City tourism function continues to take shape

City council will spend $576,000 on economic development stakeholders this year while the state of the city’s tourism and economic development functions are in transition.

At its Feb. 22 meeting, council approved $181,000 for the city’s economic development budget which will go towards funding for part-year salary and recruitment costs for a new economic development officer as well as a business plan for a city-wide hotel tax. The city’s economic development arm, Rivercorp, has been reduced to one director and the city’s economic development function will be moved in-house with the economic development officer working out of City Hall.

Council also allocated $330,000 to the Campbell River Economic Development Corporation to carry out the tourism services contract. The Campbell River Economic Development Corporation, a wholly-owned company of the city, has been given a one-year contract to manage the tourism function.  The city has put out a call for proposals from tourism specialists to identify the best model to carry out the city’s tourism function, which includes the pursuit of provincial approval for a local hotel tax. Ron Bowles, city general manager of corporate services, said that money for the tourism contract will go towards several initiatives.

They include operating the Visitor Information Centre, preparing and distributing the Visitor’s Guide, street team community outreach, two tourism conferences, and economic development for drop-in customers until the economic development officer is hired and in place.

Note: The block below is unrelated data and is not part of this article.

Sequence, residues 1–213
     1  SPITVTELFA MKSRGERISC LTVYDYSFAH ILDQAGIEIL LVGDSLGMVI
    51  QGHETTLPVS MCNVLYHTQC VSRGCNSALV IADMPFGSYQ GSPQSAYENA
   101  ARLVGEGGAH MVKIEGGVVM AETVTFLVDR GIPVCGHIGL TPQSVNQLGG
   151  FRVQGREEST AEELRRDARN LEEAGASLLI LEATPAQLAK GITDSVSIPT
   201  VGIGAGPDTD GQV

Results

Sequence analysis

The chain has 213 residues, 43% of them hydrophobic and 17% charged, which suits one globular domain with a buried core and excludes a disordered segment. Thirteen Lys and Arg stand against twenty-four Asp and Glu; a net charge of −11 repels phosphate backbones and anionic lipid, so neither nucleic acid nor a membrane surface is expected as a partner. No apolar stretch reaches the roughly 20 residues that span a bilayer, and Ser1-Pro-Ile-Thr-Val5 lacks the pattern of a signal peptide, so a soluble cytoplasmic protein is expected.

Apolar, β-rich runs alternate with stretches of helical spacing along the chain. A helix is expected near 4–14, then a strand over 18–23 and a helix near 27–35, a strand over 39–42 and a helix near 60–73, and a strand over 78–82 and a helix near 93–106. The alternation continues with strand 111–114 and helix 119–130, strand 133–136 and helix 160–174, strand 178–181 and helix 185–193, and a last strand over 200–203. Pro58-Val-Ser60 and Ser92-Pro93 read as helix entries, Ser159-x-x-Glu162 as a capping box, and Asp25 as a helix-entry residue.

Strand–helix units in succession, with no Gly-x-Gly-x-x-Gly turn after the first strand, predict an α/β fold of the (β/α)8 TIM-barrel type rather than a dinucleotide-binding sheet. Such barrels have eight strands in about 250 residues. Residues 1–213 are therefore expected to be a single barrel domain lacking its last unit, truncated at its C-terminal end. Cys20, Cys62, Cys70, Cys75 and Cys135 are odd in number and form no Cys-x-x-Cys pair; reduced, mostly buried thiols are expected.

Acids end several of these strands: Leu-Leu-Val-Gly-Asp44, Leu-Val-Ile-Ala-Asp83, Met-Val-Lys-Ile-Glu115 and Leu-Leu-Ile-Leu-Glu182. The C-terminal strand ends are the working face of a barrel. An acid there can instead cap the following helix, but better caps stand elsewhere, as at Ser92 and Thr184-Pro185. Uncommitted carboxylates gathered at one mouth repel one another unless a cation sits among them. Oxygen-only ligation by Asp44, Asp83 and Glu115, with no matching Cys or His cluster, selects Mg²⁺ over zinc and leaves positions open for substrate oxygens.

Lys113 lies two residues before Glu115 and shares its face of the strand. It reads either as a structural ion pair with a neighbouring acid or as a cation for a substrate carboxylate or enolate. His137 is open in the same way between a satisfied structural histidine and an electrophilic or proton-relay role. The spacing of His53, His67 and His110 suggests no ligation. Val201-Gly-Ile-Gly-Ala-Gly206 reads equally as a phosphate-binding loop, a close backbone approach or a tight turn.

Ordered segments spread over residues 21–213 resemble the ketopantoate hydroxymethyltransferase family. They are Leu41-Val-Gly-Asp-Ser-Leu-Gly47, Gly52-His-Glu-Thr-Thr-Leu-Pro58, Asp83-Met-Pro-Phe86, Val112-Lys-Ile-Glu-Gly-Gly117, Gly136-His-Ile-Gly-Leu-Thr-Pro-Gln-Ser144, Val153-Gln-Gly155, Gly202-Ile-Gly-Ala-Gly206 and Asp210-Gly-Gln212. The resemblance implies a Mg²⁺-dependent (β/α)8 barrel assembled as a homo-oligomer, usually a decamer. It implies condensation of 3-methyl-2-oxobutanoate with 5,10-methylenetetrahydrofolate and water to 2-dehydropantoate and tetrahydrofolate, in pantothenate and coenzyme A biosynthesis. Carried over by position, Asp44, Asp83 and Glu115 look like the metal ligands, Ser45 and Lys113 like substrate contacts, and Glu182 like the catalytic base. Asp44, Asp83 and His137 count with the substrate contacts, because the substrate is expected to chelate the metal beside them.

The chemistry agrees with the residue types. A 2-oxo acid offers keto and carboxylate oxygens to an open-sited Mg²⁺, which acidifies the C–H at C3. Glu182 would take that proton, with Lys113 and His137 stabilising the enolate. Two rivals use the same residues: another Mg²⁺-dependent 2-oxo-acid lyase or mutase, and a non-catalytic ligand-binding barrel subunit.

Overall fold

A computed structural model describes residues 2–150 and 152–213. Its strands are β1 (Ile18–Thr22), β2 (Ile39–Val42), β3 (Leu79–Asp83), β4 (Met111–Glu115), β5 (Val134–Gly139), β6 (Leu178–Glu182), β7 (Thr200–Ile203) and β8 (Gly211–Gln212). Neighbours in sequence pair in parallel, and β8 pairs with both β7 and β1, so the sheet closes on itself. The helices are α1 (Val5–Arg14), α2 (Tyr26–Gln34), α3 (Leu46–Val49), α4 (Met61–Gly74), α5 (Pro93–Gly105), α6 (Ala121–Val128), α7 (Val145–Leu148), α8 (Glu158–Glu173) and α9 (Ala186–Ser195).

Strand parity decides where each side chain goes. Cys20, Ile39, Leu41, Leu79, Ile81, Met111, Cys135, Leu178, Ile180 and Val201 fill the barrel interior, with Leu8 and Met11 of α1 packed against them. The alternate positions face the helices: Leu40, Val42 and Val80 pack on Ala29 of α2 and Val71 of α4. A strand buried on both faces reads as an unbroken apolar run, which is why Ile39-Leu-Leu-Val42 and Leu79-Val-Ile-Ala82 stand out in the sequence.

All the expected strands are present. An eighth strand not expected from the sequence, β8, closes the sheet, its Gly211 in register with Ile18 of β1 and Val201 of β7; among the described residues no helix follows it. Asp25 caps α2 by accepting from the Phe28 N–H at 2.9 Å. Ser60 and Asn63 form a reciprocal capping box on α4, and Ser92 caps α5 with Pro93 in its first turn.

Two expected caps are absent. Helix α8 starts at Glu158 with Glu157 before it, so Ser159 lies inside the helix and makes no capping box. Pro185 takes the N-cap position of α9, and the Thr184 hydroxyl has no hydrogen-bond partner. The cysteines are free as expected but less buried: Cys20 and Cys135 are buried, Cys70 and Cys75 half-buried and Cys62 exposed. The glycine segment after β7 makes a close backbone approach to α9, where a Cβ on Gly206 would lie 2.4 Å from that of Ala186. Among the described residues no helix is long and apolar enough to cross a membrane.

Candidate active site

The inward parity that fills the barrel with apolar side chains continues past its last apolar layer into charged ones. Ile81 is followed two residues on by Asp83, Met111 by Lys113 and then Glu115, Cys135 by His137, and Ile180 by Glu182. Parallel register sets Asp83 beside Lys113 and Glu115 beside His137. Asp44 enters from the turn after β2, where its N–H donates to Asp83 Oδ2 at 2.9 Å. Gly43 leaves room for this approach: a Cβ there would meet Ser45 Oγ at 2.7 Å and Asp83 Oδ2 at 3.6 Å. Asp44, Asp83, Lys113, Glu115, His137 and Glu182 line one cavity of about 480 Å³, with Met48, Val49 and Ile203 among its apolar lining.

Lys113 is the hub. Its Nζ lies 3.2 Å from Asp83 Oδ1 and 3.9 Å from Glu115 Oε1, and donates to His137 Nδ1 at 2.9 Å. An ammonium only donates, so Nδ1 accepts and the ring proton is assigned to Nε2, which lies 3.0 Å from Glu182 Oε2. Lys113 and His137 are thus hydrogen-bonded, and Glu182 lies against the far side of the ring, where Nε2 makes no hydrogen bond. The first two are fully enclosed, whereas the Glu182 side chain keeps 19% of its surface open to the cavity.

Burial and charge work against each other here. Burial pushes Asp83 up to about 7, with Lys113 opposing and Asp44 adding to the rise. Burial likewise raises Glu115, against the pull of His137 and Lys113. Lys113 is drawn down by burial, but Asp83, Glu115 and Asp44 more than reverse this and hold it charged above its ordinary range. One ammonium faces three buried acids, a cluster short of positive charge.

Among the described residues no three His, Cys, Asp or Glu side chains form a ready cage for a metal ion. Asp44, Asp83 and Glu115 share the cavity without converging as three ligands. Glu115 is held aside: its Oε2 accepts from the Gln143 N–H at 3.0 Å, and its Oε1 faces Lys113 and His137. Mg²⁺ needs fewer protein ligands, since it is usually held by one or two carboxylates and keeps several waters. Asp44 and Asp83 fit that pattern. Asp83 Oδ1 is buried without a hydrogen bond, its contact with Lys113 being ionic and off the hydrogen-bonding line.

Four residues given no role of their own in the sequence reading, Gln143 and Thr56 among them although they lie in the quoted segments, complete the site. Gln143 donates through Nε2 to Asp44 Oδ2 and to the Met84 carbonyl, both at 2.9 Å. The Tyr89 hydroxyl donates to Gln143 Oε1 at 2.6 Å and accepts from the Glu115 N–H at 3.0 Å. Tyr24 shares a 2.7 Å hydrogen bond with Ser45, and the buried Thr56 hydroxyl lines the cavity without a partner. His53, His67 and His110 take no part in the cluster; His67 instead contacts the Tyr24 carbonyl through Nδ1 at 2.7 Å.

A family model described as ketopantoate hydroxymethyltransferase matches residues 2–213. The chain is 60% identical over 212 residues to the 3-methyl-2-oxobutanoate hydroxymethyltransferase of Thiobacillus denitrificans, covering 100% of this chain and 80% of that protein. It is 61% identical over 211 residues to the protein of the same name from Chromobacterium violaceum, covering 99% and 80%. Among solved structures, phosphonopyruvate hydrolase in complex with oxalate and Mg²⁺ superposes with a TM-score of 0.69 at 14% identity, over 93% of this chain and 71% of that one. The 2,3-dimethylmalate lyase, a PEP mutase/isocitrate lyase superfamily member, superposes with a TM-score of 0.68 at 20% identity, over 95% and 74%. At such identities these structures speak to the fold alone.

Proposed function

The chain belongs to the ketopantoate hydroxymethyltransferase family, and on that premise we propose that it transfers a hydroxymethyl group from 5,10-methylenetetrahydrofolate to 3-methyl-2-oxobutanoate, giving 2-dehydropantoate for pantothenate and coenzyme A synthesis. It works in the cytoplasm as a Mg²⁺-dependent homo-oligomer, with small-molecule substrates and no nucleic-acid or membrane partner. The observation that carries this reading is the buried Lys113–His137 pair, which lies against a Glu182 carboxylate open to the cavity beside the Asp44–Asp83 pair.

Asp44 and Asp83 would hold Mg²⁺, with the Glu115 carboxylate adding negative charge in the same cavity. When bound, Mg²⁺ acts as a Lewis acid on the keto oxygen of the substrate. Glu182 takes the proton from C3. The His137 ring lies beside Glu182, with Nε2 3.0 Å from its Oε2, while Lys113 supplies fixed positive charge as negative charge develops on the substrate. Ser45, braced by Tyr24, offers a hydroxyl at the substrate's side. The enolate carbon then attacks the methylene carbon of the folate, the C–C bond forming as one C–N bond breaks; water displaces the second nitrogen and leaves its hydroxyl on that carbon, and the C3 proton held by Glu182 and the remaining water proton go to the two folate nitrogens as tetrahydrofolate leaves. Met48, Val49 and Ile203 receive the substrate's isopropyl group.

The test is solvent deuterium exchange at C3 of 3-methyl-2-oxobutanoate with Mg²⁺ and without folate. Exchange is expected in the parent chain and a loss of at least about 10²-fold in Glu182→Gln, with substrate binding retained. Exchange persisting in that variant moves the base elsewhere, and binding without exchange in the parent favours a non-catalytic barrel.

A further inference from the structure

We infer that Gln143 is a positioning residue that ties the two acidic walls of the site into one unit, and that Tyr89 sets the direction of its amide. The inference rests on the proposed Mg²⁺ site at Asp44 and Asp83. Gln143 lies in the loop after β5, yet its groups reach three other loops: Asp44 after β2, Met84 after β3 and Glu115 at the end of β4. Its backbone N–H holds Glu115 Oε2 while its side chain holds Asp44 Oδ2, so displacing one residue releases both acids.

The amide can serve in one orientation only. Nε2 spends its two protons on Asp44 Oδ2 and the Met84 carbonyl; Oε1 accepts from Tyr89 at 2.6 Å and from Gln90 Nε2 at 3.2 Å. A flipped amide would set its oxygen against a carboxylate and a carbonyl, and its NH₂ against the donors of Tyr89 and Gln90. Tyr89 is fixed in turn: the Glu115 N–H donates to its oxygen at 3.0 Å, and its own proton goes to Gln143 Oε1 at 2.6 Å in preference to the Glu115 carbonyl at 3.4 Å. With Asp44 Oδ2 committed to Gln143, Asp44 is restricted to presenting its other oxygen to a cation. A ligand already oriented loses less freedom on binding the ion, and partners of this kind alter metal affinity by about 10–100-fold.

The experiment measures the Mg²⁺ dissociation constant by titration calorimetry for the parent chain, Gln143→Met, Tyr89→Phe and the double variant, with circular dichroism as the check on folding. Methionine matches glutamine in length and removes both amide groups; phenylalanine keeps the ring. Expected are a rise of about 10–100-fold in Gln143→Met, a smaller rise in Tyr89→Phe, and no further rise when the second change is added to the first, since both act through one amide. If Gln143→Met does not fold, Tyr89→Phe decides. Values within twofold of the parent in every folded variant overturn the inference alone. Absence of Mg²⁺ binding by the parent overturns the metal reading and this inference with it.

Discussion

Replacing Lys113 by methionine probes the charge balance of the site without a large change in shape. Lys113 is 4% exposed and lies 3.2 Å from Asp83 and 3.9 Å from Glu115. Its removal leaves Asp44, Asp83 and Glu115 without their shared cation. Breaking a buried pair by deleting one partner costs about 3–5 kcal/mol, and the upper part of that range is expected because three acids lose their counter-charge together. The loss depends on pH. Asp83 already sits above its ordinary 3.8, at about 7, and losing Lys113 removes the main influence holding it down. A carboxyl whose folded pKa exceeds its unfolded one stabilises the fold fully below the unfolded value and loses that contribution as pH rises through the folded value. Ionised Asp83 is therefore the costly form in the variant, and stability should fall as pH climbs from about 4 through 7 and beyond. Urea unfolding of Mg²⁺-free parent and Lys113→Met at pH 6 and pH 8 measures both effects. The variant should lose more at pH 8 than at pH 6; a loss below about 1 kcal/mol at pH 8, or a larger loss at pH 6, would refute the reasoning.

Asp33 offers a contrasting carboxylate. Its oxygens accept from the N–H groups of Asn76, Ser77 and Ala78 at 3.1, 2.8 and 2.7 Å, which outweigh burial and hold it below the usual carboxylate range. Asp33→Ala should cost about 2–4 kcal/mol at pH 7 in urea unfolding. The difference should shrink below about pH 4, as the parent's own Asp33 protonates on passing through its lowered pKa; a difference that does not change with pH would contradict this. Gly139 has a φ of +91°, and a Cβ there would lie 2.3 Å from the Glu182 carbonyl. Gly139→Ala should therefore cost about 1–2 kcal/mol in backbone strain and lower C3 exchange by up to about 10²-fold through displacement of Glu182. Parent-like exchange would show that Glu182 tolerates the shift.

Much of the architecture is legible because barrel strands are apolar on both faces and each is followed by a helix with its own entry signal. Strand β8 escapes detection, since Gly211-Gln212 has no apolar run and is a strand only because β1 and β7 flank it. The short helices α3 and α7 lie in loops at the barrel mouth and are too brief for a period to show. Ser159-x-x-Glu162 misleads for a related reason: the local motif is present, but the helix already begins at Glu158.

The economic development corporation is also looking to implement a pop up tourism and ambassador program to attend public events and provide local information and collect data from tourists.

Ambassadors will also be used to provide tourist information in places such as the Elk Falls Suspension Bridge, Campbell River Airport, Canada Day Festival, Logger Sports, and others.

A partnership with Go Fish BC to market Campbell River’s sport fishing opportunities, as well as being a pilot showcase community with Ahoy BC, which hosts a mini-site linked to a marine tourism page on the Tourism Campbell River website, are also on the books.

Coun. Larry Samson said he was concerned the economic corporation was biting off more than it could chew, particularly in light of the transition period.

“Are we committing ourselves with these programs? Because it looks very ambitious and it looks like they’re going to have a full year,” Samson said.

City Manager Deborah Sargent said not all of the projects are new ones and that tourism staff are aware they’re only looking at a one-year budget and that things could change.

“The initiatives are a combination of ongoing initiatives, maintaining the Visitor Centre, and some are new initiatives started in 2016,” Sargent said. “

Staff are very aware we’re entering into a very important transition year and the initial projects for this year, many of them are improvements over what’s been done in the past.”

New this year, however, is $5,000 for improvements to the Visitor Information Centre.

“Staff of the CREDC (Campbell River Economic Development Corporation) have identified that the Visitor Centre is in need of some minor upgrades to the facility to modernize it to ensure future profitability in selling goods and providing service to tourists,” Bowles said.

Council also allocated $15,000 for a Creative Industries grant as well as $15,000 for an InFilm grant.  Both of those programs run out of the Enterprise Centre along with the tourism service and the former Rivercorp.